Climate change prompts efforts to protect workers from extreme heat

New England has been broiling in dangerous heat this past week.

It’s a particularly tough situation for workers who are outside for long stretches, or inside without any air conditioning.

Right now, no special protections are in place for workers who are subjected to extreme heat.

Climate change is prompting efforts to update safety regulations.

Firefighters face challenging circumstances in the best of circumstances. Hot temperatures make a tough job tougher.

That’s what happened in East Boston last week when temperatures went well into the 90s as a five-alarm fire sent thick plumes of smokes into the sky.

“They went thru their oxygen very fast. They were overheated quickly,” said Boston Fire Commissioner Paul Burke.

The torrid temperatures sent 9 firefighters to the hospital and required a change of tactics. “The heat has been a problem today,” added Burke. “We had to circulate firefighters in and out because the heat is so bad.

Heat isn’t just a problem for firefighters, who are often lugging around more than 50 lbs. of gear.

Landscapers, postal workers, builders, and those in retail can all be subjected to punishing conditions.

“Climate change has meant that rising temperatures are happening here in Boston, and it puts workers at risk,” said Jodi Sugerman.

Brozan, executive director at MassCOSH, which focuses on occupational safety.

She says indoor workers face threats too. “Last summer, we had a call from a group of workers who were working in a laundromat. We went to support them, and the heat index, which is the combination between heat and humidity, in that space was over 120 degrees.”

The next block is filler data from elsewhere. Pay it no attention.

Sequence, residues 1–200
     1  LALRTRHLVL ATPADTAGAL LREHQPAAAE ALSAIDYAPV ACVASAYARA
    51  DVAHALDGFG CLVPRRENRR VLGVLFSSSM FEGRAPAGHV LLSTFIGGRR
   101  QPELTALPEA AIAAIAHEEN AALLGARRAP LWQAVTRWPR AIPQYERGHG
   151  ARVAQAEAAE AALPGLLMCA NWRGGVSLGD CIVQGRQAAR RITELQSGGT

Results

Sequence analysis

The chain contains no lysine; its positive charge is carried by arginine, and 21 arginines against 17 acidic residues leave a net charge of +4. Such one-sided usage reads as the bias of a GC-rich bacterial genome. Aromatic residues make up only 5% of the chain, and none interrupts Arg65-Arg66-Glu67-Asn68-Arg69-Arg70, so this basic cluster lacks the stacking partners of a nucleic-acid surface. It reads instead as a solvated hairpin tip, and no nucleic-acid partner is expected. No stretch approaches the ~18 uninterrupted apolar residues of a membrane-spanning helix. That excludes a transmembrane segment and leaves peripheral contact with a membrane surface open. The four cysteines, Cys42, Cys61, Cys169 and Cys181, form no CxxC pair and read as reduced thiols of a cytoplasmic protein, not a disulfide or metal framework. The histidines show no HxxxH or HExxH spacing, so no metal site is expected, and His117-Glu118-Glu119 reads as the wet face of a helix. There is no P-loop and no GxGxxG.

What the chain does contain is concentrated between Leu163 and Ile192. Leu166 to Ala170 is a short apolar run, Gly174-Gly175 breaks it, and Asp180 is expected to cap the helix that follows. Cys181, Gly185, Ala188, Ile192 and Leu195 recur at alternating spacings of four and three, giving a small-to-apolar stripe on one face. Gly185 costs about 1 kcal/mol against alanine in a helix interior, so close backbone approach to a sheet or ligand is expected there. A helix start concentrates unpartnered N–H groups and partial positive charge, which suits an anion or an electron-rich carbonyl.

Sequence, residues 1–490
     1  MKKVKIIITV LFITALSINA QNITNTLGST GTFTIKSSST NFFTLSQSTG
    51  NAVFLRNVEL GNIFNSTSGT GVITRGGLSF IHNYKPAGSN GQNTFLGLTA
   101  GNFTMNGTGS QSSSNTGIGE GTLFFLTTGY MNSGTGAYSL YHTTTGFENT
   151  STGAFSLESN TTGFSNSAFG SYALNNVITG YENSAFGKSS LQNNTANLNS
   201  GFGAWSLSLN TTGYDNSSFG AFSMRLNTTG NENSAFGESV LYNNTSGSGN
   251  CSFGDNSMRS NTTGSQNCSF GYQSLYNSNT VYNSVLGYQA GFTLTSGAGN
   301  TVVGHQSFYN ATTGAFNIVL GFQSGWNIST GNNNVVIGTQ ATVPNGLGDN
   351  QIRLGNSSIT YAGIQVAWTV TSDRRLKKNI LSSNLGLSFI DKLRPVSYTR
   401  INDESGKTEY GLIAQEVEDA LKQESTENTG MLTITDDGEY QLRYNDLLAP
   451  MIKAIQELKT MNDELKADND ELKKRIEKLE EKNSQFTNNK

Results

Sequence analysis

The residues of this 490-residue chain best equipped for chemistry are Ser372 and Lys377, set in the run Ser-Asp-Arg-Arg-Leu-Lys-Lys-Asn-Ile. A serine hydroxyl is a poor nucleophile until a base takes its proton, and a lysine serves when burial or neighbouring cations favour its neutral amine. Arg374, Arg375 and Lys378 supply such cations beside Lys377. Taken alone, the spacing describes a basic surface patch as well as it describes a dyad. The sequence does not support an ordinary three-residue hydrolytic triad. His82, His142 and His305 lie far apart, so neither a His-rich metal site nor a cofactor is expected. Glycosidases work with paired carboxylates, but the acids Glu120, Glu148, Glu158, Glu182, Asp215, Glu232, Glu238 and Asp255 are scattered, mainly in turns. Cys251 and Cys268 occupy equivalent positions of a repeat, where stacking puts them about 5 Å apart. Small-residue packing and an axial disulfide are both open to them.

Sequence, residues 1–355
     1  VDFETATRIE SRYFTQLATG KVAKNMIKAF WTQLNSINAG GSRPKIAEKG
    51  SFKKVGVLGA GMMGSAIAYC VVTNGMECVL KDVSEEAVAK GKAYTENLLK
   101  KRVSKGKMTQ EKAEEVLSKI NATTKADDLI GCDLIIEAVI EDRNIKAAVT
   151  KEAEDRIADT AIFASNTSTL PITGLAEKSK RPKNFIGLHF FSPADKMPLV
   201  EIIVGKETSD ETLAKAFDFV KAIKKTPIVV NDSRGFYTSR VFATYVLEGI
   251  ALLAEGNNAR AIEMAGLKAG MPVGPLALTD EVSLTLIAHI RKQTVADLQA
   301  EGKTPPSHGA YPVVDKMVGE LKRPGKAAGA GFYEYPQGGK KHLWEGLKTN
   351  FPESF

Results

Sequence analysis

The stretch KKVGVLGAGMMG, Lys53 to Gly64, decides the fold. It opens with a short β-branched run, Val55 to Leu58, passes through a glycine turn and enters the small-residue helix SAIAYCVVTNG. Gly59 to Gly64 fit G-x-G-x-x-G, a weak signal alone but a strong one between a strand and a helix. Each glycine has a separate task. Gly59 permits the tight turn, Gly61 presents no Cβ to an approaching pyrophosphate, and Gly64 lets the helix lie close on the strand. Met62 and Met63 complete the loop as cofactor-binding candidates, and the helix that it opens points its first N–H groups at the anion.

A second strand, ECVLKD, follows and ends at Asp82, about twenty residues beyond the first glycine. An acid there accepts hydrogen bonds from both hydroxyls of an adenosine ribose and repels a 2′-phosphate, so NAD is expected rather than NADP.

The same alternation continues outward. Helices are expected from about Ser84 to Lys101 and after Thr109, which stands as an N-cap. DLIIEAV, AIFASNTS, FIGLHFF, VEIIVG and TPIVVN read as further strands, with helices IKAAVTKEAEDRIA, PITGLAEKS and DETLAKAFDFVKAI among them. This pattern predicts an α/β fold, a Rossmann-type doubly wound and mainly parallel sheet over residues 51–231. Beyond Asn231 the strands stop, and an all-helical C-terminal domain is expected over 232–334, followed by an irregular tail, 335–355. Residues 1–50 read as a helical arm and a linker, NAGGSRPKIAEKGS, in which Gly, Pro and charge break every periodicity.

Dr. Justin Pitman, an emergency medicine physician at Mt. Auburn Hospital in Cambridge, said extreme heat is incredibly stressful to the body and can lead to illnesses. He said this can run the gamut from heat exhaustion to heat stroke “and it can have devastating consequences, including being fatal.”

Last year President Biden launched an interagency effort to respond to extreme heat, including the development of workplace heat standards, and increased enforcement by OSHA.

Sugerman-Brozan thinks these actions will be very critical “because at the moment we have to rely on negotiations with unions to secure those protections, or employers that just want to do the right thing, and that can vary widely.”

Training is important according to Sugerman-Brozan. She often conducts seminars for companies. “First and foremost, understanding that rest, water, and shade are critical. Employers need to have a heat plan in place that includes training on the signs and symptoms of heat stress.”

Dr. Pitman added “employers are going to have to start taking it quite seriously because it is going to be an issue in the future.”

Dr. Pitman also said workers can be pro-active about protecting themselves.

For example, workers should try to wear sun blocking clothes that are loose fitting, make an effort to be in the shade when possible, and

Drink plenty of water. Dr. Pitman say that means about ¾ of a liter per hour when working outside and not waiting until you feel thirsty.

Several states have adopted their own worker protection measures related to heat. According to MassCOSH there is nothing similar pending in Massachusetts.

In terms of federal regulations, MassCOSH says something like this can take several years to develop and implement.

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